In-Laws, Outlaws & Granny Flats


A converted garage with sun porch. Designer: Arleta Chang. Photo ©Muffy Kibbey.

Basement in-law suite. Photo © Muffy Kibbey.

Garage transformed into an apartment. Designer: Ron Brenner. Photo © Greg Auseth.


Maybe a college student moves into their parents’ refurbished attic after graduation. Or perhaps a family creates a comfortable home addition for elderly parents, or a divorced man relocates to a basement apartment. Whatever the scenario, one thing’s for certain: secondary dwellings (also known as in-law apartments, or granny flats) are on the rise. “In-law units have especially become popular in urban areas, where we need to make better use of the space we have,” says Michael Litchfield, a founding editor of Fine Homebuilding magazine who has been renovating houses for more than 30 years. “It’s a national phenomenon.” His book In-Laws, Outlaws, and Granny Flats is an information-packed resource for the trend.

Though it’s increasingly relevant to our age, there’s nothing new about the idea of making a home for one family into a home for two (or more). In 1900, more than half of people over age 65 lived with their adult children. But after World War II, thanks to the G.I. Bill, suburban developments and single-family homes proliferated—and multigenerational living all but vanished. Now, mainly in response to pressing economic needs and booming populations in urban areas, there’s a lot of appeal to secondary dwellings. Adults are taking care of their own parents; they’re also seeing their own children move back home. (The Census Bureau reports that the number of adult children living with parents increased 1.2 million to 15.8 million between 2007 and 2010).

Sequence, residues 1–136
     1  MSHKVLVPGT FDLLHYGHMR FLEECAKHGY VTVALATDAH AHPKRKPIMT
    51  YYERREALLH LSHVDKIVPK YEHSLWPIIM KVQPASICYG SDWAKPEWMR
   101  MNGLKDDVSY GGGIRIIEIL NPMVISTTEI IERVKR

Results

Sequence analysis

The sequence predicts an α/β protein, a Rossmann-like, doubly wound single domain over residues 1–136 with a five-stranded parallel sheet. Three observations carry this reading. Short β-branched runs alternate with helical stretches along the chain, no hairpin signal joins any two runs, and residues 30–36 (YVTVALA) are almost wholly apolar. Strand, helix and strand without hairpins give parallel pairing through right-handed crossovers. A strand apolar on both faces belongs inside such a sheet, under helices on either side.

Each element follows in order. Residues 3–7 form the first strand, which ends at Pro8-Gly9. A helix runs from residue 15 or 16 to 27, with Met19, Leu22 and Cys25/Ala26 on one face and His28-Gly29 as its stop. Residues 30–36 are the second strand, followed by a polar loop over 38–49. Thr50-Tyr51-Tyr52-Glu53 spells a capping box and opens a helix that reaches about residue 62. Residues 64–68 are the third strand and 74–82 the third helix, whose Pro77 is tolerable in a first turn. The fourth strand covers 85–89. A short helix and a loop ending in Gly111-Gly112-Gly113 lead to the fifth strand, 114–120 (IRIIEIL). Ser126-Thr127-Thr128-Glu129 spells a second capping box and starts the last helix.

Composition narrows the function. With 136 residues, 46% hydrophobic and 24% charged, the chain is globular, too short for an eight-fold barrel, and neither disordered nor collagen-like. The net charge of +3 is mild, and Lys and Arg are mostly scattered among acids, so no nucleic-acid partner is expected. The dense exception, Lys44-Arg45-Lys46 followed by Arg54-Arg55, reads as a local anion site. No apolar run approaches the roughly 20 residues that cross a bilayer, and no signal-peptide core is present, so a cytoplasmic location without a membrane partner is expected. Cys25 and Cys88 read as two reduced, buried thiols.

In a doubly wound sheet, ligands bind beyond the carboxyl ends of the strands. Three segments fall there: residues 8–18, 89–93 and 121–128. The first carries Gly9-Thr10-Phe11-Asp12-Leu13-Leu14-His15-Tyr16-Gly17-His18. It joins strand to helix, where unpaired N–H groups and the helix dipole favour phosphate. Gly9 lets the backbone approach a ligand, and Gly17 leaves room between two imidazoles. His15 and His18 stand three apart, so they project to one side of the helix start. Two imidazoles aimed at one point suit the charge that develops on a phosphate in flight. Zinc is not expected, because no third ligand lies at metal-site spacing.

The in-law apartment is “rooted in our history,” says Litchfield. “Now, Americans are rediscovering the idea.” Indeed, as many as a third of househunters these days are looking for places that have in-law units or separate entrances.

Litchfield wrote his book after moving out of a larger home in Berkeley, California and into a renovated tractor shed next to a farmhouse 40 miles north in Point Reyes. It is an excellent how-to guide on creating your own accessory dwelling, including tips from design process to smart space allocation. Photographs and floorplans of 30 architect-built examples, ranging from 250 to 750 square feet, span all types and styles. The units can take many forms, from attic or basement conversions to backyard cottages.

It’s not just individuals who benefit from these dwellings—communities do, too. “There’s a social component to it, too,” says Litchfield. “Neighbors bring each other soup, people learn to share spaces, and overall, it appeals to people’s communal aspirations and rejuvenates surrounding places.” As a result, cities such as Santa Cruz, Denver, and Seattle are changing zoning laws as they realize the economic benefits, from increased tax bases to increased use of mass transit.

It’s really a win-win solution for all—even the planet. “In-law units start with existing buildings, use less materials, and have a smaller footprint than new single-family homes,” says Litchfield. “The bottom line? They tax the earth less and they provide affordable housing.” Sounds like smart growth to us.